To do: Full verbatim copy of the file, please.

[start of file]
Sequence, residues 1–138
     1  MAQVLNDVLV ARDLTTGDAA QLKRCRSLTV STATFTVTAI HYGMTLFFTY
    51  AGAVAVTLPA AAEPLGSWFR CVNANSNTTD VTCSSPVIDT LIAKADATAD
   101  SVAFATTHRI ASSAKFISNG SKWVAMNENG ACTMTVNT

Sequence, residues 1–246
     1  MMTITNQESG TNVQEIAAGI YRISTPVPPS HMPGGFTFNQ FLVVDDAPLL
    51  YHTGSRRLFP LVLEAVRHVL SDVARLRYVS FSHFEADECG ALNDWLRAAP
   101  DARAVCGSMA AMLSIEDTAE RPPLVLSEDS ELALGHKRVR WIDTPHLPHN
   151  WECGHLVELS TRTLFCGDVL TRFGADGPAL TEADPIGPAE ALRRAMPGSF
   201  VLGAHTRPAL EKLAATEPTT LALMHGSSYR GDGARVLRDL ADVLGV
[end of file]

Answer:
Sequence, residues 1–138
     1  MAQVLNDVLV ARDLTTGDAA QLKRCRSLTV STATFTVTAI HYGMTLFFTY
    51  AGAVAVTLPA AAEPLGSWFR CVNANSNTTD VTCSSPVIDT LIAKADATAD
   101  SVAFATTHRI ASSAKFISNG SKWVAMNENG ACTMTVNT

Sequence, residues 1–246
     1  MMTITNQESG TNVQEIAAGI YRISTPVPPS HMPGGFTFNQ FLVVDDAPLL
    51  YHTGSRRLFP LVLEAVRHVL SDVARLRYVS FSHFEADECG ALNDWLRAAP
   101  DARAVCGSMA AMLSIEDTAE RPPLVLSEDS ELALGHKRVR WIDTPHLPHN
   151  WECGHLVELS TRTLFCGDVL TRFGADGPAL TEADPIGPAE ALRRAMPGSF
   201  VLGAHTRPAL EKLAATEPTT LALMHGSSYR GDGARVLRDL ADVLGV